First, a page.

Well, I'm carrying on with the stories promised in La Centaine, but somewhat out of order....
When I was 18, I was working as a travel agent and got offered - as travel agents did in those days - a free ticket on a new service to Toronto.
My father, possibly keen to get me out of the house for a few days, called up his distant 'cousin' in Toronto (who he hadn't seen for 20 years, might I point out) and arranged for me to stay with them for a week. This wasn't what I had in mind, but it was generous and it pleased my parents to think I was out of harms way. And it was cheap, too.
As the plane started the descent into Pearson airport, I started to panic. Who were these people, what would they think of me, why was I stopping at their house?
I came through customs and spotted them instantly. It was the homemade sign (enormous and covered in tissue paper flowers) with my name on it that caught my attention. My 'relative', Chris, looked like Shaggy from Scooby Doo and he was there with his Mexican wife and two kids.
We did the sights, we ate shocking food (no-one in the family could cook) and smoked some wicked dope in the basement when the kids had gone to bed. It was fun and funny.
A few days in and Chris drove me down to London, Ontario to meet his parents. His father was my grandmother's cousin. I told you they weren't close relatives.
Anyway, the trip to London was a sad one because his Mother was in the hospital, recovering from a heart attack. We went to visit her and she was very weak, but so welcoming to me and a truly charming old girl. Her husband - Uncle Arthur - took us back to the house and made us welcome with beers and sandwiches. He seemed exhausted and overwhelmed. Apparently his wife had been ill for a long time.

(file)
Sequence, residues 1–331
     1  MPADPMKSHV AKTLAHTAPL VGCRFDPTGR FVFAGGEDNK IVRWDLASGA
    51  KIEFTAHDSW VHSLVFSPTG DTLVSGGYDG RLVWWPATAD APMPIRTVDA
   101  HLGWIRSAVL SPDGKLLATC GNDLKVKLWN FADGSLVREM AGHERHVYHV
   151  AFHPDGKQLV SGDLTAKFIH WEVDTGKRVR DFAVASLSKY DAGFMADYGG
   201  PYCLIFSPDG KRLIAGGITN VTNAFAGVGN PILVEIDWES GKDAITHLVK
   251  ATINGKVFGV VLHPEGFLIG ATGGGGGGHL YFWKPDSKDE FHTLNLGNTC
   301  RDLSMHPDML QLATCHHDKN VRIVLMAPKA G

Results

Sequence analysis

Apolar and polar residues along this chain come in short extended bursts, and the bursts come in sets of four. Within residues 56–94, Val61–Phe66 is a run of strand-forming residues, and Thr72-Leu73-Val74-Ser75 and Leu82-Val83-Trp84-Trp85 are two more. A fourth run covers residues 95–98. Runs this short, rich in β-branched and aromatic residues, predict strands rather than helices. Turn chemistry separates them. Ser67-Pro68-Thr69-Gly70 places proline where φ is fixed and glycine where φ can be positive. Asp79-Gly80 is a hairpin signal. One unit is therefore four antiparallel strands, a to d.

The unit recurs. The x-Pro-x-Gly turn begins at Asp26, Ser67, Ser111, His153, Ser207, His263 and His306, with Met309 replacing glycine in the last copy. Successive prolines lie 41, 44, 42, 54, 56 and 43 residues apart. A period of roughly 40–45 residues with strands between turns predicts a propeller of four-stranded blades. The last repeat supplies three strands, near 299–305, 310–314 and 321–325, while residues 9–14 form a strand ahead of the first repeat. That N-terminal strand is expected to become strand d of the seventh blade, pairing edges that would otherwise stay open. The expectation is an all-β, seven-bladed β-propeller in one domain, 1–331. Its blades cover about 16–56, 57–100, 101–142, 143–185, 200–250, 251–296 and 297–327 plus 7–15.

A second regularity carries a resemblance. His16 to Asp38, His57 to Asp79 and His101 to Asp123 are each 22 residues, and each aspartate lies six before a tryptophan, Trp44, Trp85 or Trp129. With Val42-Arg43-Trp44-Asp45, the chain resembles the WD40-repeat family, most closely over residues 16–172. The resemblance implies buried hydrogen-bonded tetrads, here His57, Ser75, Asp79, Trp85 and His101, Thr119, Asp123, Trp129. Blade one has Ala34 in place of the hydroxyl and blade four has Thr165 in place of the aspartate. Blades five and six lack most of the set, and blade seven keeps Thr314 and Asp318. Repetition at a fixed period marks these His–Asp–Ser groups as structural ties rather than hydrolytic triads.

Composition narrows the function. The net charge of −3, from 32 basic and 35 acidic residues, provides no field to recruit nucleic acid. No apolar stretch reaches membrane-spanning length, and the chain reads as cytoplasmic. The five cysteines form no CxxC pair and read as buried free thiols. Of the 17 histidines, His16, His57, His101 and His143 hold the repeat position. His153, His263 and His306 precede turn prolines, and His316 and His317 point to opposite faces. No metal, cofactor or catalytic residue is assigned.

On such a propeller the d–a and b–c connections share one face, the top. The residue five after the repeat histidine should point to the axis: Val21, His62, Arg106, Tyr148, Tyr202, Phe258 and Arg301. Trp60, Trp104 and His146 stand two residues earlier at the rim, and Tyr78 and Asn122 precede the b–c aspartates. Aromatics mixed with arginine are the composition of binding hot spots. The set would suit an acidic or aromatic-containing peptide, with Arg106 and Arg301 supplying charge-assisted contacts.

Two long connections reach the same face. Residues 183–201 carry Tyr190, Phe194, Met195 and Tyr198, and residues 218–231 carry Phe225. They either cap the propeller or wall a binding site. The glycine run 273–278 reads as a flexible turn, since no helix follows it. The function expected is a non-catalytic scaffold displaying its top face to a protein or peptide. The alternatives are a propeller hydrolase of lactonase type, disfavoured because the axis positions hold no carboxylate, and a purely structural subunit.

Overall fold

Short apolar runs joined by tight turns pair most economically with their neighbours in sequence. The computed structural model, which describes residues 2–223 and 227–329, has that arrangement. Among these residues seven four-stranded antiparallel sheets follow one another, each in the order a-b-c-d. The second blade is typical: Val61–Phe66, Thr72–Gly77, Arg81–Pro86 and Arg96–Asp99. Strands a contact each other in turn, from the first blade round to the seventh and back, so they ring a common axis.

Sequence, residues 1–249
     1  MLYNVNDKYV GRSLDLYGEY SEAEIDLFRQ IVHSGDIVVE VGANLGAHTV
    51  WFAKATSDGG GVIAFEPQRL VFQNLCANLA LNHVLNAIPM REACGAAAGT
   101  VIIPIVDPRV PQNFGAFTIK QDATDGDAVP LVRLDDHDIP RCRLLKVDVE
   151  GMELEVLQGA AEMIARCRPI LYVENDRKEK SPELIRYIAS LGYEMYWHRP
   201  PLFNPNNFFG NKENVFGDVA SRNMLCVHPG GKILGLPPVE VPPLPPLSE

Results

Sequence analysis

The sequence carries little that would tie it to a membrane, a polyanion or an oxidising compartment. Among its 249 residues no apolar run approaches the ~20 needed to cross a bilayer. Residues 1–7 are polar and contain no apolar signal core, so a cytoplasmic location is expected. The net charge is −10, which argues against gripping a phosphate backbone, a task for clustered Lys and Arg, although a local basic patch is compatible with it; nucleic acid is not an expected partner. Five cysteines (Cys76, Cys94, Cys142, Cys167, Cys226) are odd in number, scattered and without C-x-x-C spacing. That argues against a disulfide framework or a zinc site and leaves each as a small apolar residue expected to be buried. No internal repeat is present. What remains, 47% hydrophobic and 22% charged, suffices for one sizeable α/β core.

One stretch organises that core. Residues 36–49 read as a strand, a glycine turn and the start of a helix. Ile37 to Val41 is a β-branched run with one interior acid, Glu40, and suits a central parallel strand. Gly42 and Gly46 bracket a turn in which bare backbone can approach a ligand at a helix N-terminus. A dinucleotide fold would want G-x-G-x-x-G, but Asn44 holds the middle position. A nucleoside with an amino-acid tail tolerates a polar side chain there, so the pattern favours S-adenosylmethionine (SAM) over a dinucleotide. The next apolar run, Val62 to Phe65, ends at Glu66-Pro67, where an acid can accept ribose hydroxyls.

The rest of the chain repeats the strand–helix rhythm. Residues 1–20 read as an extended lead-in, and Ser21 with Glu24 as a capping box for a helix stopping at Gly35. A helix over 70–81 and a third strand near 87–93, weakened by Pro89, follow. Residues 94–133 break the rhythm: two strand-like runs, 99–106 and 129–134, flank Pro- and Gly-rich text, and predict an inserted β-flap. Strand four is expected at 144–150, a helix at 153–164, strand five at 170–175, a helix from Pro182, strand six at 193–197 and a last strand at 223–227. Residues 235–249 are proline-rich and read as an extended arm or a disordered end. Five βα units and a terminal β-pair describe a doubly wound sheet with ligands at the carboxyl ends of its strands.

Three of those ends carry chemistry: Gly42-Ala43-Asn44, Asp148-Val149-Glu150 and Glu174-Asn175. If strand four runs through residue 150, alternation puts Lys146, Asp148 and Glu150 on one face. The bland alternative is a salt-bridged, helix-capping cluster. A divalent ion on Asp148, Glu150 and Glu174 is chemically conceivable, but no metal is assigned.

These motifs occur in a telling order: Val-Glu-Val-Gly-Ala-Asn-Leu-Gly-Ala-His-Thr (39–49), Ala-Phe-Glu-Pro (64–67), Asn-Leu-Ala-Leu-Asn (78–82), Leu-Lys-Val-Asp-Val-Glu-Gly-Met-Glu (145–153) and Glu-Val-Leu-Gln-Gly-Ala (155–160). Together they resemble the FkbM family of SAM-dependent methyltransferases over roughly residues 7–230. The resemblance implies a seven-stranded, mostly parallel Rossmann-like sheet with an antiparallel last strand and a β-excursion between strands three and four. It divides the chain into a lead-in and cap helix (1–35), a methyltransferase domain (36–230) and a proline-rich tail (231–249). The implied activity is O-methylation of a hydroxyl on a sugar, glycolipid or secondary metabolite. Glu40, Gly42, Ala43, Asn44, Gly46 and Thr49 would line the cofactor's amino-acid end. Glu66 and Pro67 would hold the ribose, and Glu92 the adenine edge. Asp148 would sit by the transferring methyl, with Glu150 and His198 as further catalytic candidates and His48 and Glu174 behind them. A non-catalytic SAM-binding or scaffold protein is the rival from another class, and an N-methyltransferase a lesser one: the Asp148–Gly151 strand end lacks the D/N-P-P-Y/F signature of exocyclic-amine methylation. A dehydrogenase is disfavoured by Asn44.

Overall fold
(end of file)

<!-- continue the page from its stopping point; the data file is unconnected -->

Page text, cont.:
He asked me lots of questions about the 'old country' and I'd taken some photo's with me to show him what had changed since he was last there 20 years ago. He told me how much he wanted to see the old place one last time.
I flew home to the UK a couple of days later, having been charmed by my new found family. I missed them and wrote lots.
A couple of months later, Uncle Arthur called to say his wife had died and that he was planning a visit to England.
He came over and we had a blast. My Dad really took care of him and we drove round the old haunts - he was a Smethwick lad, like most of my family, and wanted one last pint 'on the Cape' as the shopping area was known.
He was a great sport and loved meeting all of the new family, as well as sharing stories with the older generation.
At the end of his trip, I drove him to the airport with my Father and we waved him off.
A day later, we got a call from Chris. He was at home in Toronto and had been trying to reach his father in London. Had he got on the plane? He wasn't able to get hold of him.
We called Ward Air (now, that dates this somewhat) and found out that Arthur had boarded the plane and had flown to Canada. Chris called the shuttle bus company and they had dropped him off at his house, as organised.
There was nothing more to do, Chris got in his car and drove to London, to his Dad's house.
A few hours later, we got a call. It was Chris. He had found his father.
He was sat at the kitchen table, his suitcase at his feet, his house keys in his hand.
He had died within minutes of walking in the door.
But he had achieved his goal.
Uncle Arthur had seen his relatives, old and new.
He had had his pint on 'the Cape'.
He had touched his beloved Smethwick soil.
He had been 'home'.